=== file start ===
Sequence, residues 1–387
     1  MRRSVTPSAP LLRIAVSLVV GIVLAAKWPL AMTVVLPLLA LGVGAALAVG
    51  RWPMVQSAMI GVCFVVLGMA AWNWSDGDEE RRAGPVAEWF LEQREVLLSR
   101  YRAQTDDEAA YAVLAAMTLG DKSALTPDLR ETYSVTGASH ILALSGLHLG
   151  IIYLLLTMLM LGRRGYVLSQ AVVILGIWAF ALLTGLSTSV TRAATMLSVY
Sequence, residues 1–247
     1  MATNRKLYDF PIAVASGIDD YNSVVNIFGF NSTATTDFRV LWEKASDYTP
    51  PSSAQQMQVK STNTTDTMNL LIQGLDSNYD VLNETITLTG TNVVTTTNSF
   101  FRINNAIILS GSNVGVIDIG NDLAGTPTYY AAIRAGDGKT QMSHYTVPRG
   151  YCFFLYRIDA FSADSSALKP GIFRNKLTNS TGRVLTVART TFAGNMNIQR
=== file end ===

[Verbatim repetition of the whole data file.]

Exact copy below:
Sequence, residues 1–387
     1  MRRSVTPSAP LLRIAVSLVV GIVLAAKWPL AMTVVLPLLA LGVGAALAVG
    51  RWPMVQSAMI GVCFVVLGMA AWNWSDGDEE RRAGPVAEWF LEQREVLLSR
   101  YRAQTDDEAA YAVLAAMTLG DKSALTPDLR ETYSVTGASH ILALSGLHLG
   151  IIYLLLTMLM LGRRGYVLSQ AVVILGIWAF ALLTGLSTSV TRAATMLSVY
Sequence, residues 1–247
     1  MATNRKLYDF PIAVASGIDD YNSVVNIFGF NSTATTDFRV LWEKASDYTP
    51  PSSAQQMQVK STNTTDTMNL LIQGLDSNYD VLNETITLTG TNVVTTTNSF
   101  FRINNAIILS GSNVGVIDIG NDLAGTPTYY AAIRAGDGKT QMSHYTVPRG
   151  YCFFLYRIDA FSADSSALKP GIFRNKLTNS TGRVLTVART TFAGNMNIQR